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Kelly felt betrayed: Widow
H S Rao in London |
September02, 2003 00:24 IST
According to Dr David Kelly's widow, the weapons expert felt betrayed by the British ministry of defence, which allowed his name to enter the public domain.
Janice Kelly, 58, on Monday told this via a video link to the Lord Hutton Inquiry, which is probing into her husband's death, at the high court in London.
She told the one-man inquiry that in July when it became clear that the name of her husband, who was the source for the BBC's report claiming the British government "sexed up" a key intelligence dossier on Iraq, was going to be made public, he said he felt "totally let down".
Janice said he had received a telephone call from the ministry of defence press office "to say that we ought to leave the house, and quickly, so that we would not be followed by the press".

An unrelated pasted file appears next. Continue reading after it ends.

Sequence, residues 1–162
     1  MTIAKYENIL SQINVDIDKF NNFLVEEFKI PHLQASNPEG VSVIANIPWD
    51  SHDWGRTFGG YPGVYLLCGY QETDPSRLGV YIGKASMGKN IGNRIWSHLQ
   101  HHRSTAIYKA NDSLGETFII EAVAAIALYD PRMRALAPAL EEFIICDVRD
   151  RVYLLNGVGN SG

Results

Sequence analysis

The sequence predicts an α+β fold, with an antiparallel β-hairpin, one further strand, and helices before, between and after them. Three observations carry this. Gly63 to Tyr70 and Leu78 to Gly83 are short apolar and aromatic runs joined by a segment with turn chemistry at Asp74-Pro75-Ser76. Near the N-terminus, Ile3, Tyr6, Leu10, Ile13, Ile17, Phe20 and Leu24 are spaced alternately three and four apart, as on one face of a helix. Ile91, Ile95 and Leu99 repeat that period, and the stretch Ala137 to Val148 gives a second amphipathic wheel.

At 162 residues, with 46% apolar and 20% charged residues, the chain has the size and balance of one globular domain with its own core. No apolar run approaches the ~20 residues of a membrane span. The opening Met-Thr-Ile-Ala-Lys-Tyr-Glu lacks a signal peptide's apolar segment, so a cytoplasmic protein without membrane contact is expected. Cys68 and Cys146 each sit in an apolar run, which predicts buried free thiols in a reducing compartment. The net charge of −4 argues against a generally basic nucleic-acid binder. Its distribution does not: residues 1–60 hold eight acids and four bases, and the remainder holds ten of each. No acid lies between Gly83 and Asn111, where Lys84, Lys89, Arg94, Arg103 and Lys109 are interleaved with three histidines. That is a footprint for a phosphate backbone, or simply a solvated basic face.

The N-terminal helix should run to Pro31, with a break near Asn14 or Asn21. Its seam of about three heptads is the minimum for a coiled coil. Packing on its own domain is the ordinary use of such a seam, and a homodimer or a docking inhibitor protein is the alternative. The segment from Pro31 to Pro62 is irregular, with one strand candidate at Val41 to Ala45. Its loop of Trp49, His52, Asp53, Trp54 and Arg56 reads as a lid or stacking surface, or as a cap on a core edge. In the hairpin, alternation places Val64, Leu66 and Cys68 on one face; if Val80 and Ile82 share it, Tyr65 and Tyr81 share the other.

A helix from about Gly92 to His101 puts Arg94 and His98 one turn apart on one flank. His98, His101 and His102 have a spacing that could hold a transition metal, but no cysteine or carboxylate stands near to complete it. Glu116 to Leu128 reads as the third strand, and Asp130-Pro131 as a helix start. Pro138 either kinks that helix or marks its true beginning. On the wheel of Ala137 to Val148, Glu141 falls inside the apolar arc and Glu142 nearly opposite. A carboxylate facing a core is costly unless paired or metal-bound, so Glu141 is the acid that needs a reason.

She said her husband did not tell her if the MoD had made any other offers of support.
The couple packed and left within 10 minutes and checked into a hotel in Cornwall. "He was exceedingly upset. We both were very anxious, very stressed," she said, adding, "he didn't like becoming the story."
When he learnt through another phone call that he was to give evidence to the foreign affairs select committee, which would be televised, Janice said: "He was ballistic. He just did not like that idea at all.
"He felt... it would be a kind of continuation... of a reprimand in the public domain."
The inquiry is investigating the circumstances leading to the death of the scientist, whose body was found in near his Oxfordshire home.
The inquiry has heard that Dr Kelly underwent lengthy briefings before the appearances before the foreign affairs select committee.
Dr Kelly had accompanied Foreign Secretary Jack Straw at an earlier hearing of the foreign affairs select committee.
Janice told the inquiry that her husband was "deeply hurt" to learn that Straw was not satisfied with the technical support the weapons expert had given him.
Straw said he was upset that at the committee meeting "he had been accompanied by somebody so junior", she said.
Dr Kelly laughed upon hearing this, but "he was deeply, deeply hurt", she said.
She said her husband felt "he was being treated rather like a fly, I think was the phrase he used."